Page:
Minerva Laveaga Luna, Mar 19, 2021
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When I was young, I would hear people say one of the worst pains a human could experience was childbirth. I think of the hours of labor before my son was born and conclude that the pain of grief is worse.
When I was experiencing contractions, I could point to a part of my body and say, “Here. Take the pain away from here.” The anesthesiologist showed up on the 20th hour (I was trying to go without an epidural but didn’t make it).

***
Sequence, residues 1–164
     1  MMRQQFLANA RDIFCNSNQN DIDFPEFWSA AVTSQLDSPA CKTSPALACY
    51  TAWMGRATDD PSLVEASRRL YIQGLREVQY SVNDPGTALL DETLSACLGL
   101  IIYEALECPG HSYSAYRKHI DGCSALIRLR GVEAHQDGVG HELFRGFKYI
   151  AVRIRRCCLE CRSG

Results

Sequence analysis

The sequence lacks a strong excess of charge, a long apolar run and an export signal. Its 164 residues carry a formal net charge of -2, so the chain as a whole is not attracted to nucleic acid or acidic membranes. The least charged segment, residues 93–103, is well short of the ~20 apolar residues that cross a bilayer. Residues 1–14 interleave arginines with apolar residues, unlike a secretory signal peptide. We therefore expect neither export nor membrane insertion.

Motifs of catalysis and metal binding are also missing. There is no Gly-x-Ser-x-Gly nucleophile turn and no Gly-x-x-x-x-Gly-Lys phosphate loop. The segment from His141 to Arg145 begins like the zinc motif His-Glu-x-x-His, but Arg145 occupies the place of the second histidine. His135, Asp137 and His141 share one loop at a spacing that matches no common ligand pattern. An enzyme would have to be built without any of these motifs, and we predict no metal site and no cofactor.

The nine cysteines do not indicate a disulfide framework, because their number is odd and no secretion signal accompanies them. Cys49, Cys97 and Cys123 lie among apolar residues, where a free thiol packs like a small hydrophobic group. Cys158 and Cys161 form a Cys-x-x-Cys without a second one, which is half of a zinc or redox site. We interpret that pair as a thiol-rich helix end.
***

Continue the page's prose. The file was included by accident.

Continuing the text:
The medicine went in, and the pain was gone, for the most part.
There is no place to point at with grief. It is an ache that drenches you completely, makes your limbs and your head heavy, too heavy to carry.
And the sting of grief does not end; it sleeps, gets quiet enough to forget about it from time to time, until it resurfaces with a song, an intersection, a park, a dream, or a corner of your house you forgot to look at with eyes from the past.